Wednesday, February 5, 2014

How Did Newsrooms Ignore Such an Obvious Story?

As is being reported everywhere, CVS is going to stop selling cigarettes.   Congratulations CVS.   

But how did newsroom after newsroom not go after such an obvious story before?  Why weren't reporters questioning  an industry supposedly concerned with health about why they continued to sell death?

Now they can do that story.   Go interview the other drug stores.   Easy story.   Excellent business story.  Excellent health story.  Excellent local story everywhere.  And with today's technology, every local newsroom can do a videoskype interview with the corporate official.
Ask them to explain why making money from selling death is more important to their corporation than taking the same step as CVS.

Congratulations CVS.

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23 comments:

  1. Beer, wine and liquor next?

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    1. Exactly, it's a health care company, not a supermarket!

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  2. So can you link us to your earlier post asking why this story wasn't being covered before now? Since it's so obvious, I assume you already pointed this out.

    Or did it just become "obvious": to you after the fact. Second-guessing is so much fun.

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  3. by this reasoning, we should question every drug store, because they all sell smokes. Why not question why cigarettes and other harmful products aren't illegal yet?
    This post was a waste of time to read.

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  4. Why did your parents name you Anonymous? What a wonderfully unusual name.

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    1. My name is Dan Mitchell. I'm a working journalist. If your sign-in included profiles that people actually used, (Facebook or Twitter), fewer people would probably choose anonymous. They do so because that's the easiest course you offer.

      That wasn't me asking, but I will request, using my real name, that you answer the person's question. Is there anything you can point to showing that this "obvious" story had ever occurred to you before today?

      When journalism fails, indeed.

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    2. Thanks - I'll check the settings.

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    3. Dan Mitchell is an idiot. He already got pummeled in a Facebook discussion earlier in the week, so now he posts anonymously.

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  5. Does the Chicago Tribune count? http://articles.chicagotribune.com/2013-05-05/business/ct-biz-0505-phil-20130505_1_tobacco-products-walgreens-michael-polzin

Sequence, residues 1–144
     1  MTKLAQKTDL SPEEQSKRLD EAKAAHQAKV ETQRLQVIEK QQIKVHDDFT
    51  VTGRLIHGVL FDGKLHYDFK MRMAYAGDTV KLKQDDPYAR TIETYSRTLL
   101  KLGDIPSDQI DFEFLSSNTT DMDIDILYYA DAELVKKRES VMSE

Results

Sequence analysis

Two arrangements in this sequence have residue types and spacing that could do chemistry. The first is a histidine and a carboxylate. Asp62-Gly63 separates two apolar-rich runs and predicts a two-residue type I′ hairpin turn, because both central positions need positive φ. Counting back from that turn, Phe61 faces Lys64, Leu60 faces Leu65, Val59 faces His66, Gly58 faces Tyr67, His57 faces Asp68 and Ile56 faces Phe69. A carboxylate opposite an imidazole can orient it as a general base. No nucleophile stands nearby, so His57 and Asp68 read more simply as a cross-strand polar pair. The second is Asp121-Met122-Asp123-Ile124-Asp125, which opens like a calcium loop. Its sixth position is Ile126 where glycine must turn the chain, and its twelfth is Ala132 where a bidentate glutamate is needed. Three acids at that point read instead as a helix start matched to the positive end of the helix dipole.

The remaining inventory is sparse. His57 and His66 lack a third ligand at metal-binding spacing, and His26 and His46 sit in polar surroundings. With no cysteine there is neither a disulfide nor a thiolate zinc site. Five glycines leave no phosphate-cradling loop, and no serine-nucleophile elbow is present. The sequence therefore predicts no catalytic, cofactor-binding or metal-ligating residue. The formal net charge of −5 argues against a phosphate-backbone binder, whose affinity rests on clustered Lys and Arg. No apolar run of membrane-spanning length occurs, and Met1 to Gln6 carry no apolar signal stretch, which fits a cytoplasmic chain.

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  6. What about the Wall Street Journal?
    http://online.wsj.com/news/articles/SB121729138312691695

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  7. Sir: whether or not drugstores large or small sell cigarettes is both a moral and business decision that each will make. Please also recognize that another story exists for these businesses that journalists should explore -- the impact of prescription drugs in multiple cases of addiction, abuse and death. In that regard the sale of prescription drugs may be no different than the sale of cigarettes, and journalism has an important role to play in shining a bright light on how many narcotics are over-prescribed or "shopped" by addicts. Thank you.

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  8. This kind of self-aggrandizing pap is so tiring. But it seems par for the course around this blog.

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  9. When journalism on journalism fails.

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  10. There are always some reporters who do excellent work. But here's a story that could easily be done in every local market. Similarly, every local reporter could be asking their members of Congress why the United States is number 1 in healthcare cost and rated lower in performance than all other industrialized societies. Had journalists done their jobs instead of playing cheerleader we never would have had a war in Iraq nor a steroid era in baseball.

    When journalism fails, bad things happen.